A Message to My Freshman Self

Looking for some advice for your first year? As a current junior, I write to my freshman self, offering tips and reflections from my time at U-M.

By Ellie Younger September 14, 2021
Blog post - A Messate to My Freshman Self

Now a couple weeks into my junior year, I figured I’d look back on where I started. I entered this school a nervous, introverted, hesitant freshman – I didn’t even want to go to the football games at first! Now, years later, I’ve made it through challenges I never thought I’d face, met people I could never imagine I would find, and learned things that pushed me way outside of my comfort zone. Reflecting on my first year, I figured I would give you a couple pointers.

U-M stadium
Michigan Stadium.

Don’t be so sure about your major.

You may think you know exactly what you want to do right now, but 18 is young to have your life all figured out. I don’t think I’ll have it all figured out for a long time. I suggest taking classes in a variety of subjects that interest you. Who knows, you might find something else you want to major or minor in, and at the very least, you’re learning about a topic that you’re curious about. As a first-year student, I felt so absolutely set in stone that I would be a nursing major, but that wasn’t my path. It’s important to allow yourself to explore and find what is really right for you.

Friendships are the most important.

Your friends should come before any relationship, hookup, ex, party, or event. One thing I learned throughout my time in college is how much my friends truly are my chosen family. As I was so far away from my home, the people I surrounded myself with became my non-blood-related family members. Their health, safety, and happiness are more important than any fun night out.

You don’t have to be best friends with the first people you meet.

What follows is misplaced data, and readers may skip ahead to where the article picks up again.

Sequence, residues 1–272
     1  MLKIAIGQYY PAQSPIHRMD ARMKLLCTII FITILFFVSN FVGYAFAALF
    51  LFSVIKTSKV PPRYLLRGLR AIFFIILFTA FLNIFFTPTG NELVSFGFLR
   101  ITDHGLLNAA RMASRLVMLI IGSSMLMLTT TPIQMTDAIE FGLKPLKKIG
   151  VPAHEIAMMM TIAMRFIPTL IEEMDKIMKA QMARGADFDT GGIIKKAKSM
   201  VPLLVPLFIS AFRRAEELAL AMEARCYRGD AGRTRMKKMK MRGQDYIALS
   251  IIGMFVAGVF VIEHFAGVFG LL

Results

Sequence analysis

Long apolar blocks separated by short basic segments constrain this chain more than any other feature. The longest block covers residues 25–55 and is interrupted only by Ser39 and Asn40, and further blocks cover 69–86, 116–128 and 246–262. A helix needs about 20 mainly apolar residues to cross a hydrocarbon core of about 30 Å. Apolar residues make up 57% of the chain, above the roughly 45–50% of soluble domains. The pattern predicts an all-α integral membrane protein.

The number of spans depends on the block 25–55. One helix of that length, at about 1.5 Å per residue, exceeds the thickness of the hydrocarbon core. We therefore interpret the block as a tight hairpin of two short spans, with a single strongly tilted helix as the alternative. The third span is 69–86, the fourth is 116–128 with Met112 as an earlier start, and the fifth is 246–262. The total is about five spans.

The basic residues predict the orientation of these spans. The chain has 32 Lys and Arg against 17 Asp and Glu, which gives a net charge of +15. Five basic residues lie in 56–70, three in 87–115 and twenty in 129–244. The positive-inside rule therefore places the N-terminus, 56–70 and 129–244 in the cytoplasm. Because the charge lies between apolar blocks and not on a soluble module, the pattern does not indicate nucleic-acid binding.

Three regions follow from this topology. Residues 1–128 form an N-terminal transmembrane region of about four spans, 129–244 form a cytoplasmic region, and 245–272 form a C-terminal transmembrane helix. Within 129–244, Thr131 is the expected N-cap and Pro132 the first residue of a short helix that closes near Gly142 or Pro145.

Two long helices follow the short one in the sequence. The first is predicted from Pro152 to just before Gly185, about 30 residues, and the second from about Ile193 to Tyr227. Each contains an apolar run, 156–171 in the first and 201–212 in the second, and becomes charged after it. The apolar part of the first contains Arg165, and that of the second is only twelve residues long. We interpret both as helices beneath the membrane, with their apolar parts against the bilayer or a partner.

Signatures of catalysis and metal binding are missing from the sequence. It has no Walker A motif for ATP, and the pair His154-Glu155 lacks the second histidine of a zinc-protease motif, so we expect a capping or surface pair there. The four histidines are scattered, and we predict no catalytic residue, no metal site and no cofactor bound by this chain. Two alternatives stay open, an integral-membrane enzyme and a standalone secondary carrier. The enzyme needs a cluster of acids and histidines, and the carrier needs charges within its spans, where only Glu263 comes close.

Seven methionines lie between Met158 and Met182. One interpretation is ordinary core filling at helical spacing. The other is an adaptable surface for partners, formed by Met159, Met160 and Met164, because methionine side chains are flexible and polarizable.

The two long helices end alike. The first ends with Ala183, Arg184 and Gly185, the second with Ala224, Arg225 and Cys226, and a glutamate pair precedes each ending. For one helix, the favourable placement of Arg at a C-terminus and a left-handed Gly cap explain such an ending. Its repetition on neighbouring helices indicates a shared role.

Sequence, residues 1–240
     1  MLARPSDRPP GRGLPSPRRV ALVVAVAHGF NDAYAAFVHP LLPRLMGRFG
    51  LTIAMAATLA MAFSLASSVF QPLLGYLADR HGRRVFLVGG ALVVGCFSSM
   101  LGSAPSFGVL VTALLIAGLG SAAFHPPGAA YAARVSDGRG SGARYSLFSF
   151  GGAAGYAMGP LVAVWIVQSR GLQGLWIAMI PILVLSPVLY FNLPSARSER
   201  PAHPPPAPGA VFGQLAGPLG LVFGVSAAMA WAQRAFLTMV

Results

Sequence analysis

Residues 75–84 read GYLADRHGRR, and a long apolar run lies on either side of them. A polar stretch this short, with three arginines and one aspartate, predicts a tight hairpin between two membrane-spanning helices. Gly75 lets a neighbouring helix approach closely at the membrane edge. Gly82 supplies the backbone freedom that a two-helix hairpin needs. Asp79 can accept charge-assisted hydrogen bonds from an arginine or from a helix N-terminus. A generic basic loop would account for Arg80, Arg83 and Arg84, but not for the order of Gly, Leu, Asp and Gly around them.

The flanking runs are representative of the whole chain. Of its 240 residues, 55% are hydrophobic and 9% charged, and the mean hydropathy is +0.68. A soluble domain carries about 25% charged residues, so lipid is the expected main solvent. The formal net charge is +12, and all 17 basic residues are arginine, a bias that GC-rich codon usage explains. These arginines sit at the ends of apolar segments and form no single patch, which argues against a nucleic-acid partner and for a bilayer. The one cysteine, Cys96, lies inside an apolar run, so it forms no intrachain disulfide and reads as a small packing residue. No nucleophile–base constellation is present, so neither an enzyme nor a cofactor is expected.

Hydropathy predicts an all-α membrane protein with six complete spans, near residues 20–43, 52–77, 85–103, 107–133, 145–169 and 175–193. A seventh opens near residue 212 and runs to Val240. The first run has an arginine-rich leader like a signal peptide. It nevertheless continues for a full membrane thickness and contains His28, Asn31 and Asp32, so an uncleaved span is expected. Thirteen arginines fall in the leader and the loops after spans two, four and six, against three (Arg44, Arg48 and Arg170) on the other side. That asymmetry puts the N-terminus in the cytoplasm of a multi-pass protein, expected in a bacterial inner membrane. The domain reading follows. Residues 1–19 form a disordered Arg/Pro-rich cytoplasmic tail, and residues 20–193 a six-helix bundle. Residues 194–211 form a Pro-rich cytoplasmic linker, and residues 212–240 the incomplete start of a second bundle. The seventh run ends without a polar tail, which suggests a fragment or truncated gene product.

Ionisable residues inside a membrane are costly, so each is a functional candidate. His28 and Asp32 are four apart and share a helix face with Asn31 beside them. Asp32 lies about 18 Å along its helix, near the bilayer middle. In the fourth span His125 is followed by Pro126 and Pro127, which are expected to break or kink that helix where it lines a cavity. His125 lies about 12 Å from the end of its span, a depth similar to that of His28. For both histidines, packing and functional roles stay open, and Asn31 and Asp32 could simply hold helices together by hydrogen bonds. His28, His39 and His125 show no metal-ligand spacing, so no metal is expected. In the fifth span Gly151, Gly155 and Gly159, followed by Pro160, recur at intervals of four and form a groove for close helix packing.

As a first-year student, I put so much pressure on myself to find friends right away. I was lonely, homesick, and desperate to find my people. I didn’t consider the fact that it’s important to find the right friends — people who share my values and have common interests. Make friends with whomever you can, but the first people you meet might not end up being your best friends, and that’s OK. Strong friendships take time to build. Give yourself that time.

A photo of my first-year dorm at Oxford. 
A photo of my first-year dorm at Oxford. ​​​

Try out different clubs and organizations.

My freshman year I put my uniqname down on so many club sign-up forms, but went to so few of their actual meetings and events. Clubs are great ways to find people who share common interests, and I really missed out on a lot of valuable experiences because, at the end of a long day of classes, all I wanted to do was go back home to my dorm. Now, I recognize the importance of taking advantage of everything that college has to offer. The social side of college helps balance out the difficulty of the academics.

Explore your identity.

For so long I felt the societal pressure that told me my identity was intrinsically tied to my career. Therefore, when I transferred out of nursing, I felt incredibly lost. Now, I recognize that my identity is completely separate from whatever I choose to do for work. Your value does not come from your labor. You define who you are, what you stand for, and who you will grow to be. 

There are a lot of things I would tell my freshman self. Don’t be so afraid of change, put yourself out there, ask for help, invest in good walking shoes. I realize, though, that my freshman year wouldn’t have been the same without all those events that made me learn these lessons for myself. So I suppose the main suggestion I have is be willing to learn, and not just from your professors, but from your peers, yourself, and your experiences.
 

Ellie
Ellie Younger

Ellie Younger is a sophomore in the College of Literature, Science, and the Arts and plans to study Biopsychology, Cognition and Neuroscience. Ellie volunteers with the Sexual Assault Prevention and Awareness Center (SAPAC) and is happy to have found her U-M community in the club Survivor Michigan, for which she is an HR executive. She loves hiking in her home state of Oregon, conversations about social justice, and good poetry.